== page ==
Foie gras to the sound of trumpets? Some did. All those savings made by not eating out in the usual way at our best-loved restaurants helped to justify a splurge when freedom seemed to fall upon us.
Then there were the enterprising establishments that offered us a kit of superb ingredients with recipes and cooking instructions, thus giving confidence to many diffident gourmets.
Adventurous takeaways inspired more exciting home cooking, while the price of a mediocre Deliveroo meal made us sometimes reckless. And yet… and yet… Hackney has the third highest rate of child poverty in the UK.
Child hunger is a problem often overridden by worries over jobs and housing and benefits, something you might be able to sort in a sensible way, given time and money and energy. Totting up the merits of free-range chickpeas against ‘shop-bought’ hummus is a game for the nutritionally secure. We can all figure out that cheap convenience meals promoted by huge international food companies are not intended to improve public health, but to line the pockets of shareholders.
Fortunately for us in Hackney we are able to get real with local shops and markets and inevitably, food banks, learning new ways of cooking well and cheaply, as rationing in World War II did for my generation.
The Citizen tells us about this in detail, and with balance. But behind the facts lies the grim truth that makes writers like Jack Monroe, who have researched this in depth, howl with rage.
There is not a lot of information about hunger and poverty in art. Painters of 16th and 17th century genre scenes were giving their patrons what pleased them – hunger as a comic or diverting condition, like Annibale Carracci’s Bean Eater or the coarse pleasure of a rustic couple in a market scene by Vincenzo Campi, feeding a grizzling bare-bottomed infant a bowl of beans, fraught with the inevitable consequences.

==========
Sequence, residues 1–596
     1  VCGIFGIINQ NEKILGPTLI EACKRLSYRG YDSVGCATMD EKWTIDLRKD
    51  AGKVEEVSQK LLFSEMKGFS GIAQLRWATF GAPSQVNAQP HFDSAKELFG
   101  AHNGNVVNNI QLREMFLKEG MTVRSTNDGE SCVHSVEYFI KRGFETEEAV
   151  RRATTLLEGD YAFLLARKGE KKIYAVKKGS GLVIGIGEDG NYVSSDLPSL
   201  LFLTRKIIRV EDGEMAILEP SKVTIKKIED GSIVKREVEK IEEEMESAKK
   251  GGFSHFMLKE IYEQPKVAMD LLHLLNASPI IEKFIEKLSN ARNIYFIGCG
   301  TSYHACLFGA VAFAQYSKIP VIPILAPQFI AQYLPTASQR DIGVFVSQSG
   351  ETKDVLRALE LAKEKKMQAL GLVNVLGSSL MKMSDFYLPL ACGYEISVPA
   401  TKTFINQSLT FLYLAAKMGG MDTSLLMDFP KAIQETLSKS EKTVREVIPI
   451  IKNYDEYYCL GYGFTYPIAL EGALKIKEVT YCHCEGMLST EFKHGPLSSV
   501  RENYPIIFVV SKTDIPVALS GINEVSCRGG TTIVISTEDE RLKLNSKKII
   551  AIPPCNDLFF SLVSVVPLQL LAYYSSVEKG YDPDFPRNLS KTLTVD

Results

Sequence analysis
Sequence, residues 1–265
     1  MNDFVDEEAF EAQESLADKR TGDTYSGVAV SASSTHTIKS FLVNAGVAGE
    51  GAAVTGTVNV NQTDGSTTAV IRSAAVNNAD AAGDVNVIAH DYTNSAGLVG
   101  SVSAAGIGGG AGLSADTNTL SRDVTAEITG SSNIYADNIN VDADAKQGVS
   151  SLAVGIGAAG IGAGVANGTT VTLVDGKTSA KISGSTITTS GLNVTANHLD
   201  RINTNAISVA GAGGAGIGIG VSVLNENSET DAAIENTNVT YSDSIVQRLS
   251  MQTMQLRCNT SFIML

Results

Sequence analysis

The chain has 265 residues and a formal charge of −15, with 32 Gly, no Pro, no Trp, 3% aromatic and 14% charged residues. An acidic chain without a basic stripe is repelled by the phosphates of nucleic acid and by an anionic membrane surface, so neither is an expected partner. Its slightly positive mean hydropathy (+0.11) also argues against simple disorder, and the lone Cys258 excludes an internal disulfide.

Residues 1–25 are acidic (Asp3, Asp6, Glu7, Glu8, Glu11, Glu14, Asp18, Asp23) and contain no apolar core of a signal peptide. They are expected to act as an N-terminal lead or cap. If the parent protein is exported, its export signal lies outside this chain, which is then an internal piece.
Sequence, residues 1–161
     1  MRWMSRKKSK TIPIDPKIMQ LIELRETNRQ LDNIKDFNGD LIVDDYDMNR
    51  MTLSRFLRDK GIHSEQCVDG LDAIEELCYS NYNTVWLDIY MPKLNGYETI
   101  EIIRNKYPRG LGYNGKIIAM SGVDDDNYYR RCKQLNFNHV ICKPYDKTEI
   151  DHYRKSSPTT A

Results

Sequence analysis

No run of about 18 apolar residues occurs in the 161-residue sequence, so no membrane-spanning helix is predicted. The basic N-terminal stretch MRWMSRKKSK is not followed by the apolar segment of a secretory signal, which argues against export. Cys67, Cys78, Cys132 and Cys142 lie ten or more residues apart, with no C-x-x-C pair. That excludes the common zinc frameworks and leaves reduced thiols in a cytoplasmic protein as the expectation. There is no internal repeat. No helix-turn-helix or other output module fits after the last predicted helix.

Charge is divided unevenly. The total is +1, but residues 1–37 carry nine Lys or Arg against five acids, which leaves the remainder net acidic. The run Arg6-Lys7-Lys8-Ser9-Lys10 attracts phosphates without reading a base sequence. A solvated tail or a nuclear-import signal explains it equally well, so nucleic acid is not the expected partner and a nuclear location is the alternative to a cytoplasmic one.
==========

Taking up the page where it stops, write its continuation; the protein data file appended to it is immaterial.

Italian Renaissance depictions of the Madonna and Child sometimes show aspects of child care, but symbolism abounds and can be confusing, where Masaccio’s infant Christ nibbles on grapes, not safe infant food, but signifying the wine of the Eucharist, or the blood of Christ sacrificed for us. Or Botticelli’s pomegranate, again, messy for both child and mother, but symbolising the mass of Christian souls saved by the intervention of Christ.
Apples are really loaded with Classical and Christian symbolism, from the Golden Apples of the Hesperides, a prize for beauty bestowed by Gaia upon Hera, to the biblical fruit of the Tree of Knowledge. The knowledge of good and evil, forbidden to Adam and Eve, was lost through the intervention of the serpent and poor Eve, who gets the blame for wanting to be literate and independent.
In genre scenes from the Netherlands in the 16th and 17th centuries, domestic harmony and security were far from ‘normal’, when Protestant Holland was threatened by the ruthless military power of Catholic Spain on land, or troubled by the vagaries and misfortunes of trade and commerce on the high seas, which made a merchant’s life cruelly uncertain and risky. So a tranquil domestic scene, with a neatly but expensively dressed mother placidly peeling apples, watched by her small daughter, is not just a glimpse of how the ideal life should be, but also a vehicle for sometimes tedious moralising. The apples remind us of not of mother’s apple pie, but a symbol of how a good wife and mother teaches her daughter the difference between right and wrong.
Gabriel Metsu’s painting of a sick child is a moving and comforting image of child welfare during a pandemic, not a deathbed scene. The attentive, concerned mother cares for a little girl with a high temperature and possibly limp with a gastric disorder, in a message of hope, not despair, at a time when bubonic plague carried off ten per cent of the population of Amsterdam.
Caring for what we give children to eat at such a time is a good way to improve our own diet. Having to do without, or change what we do to what’s available, might be like rationing in World War II and help us to eat better.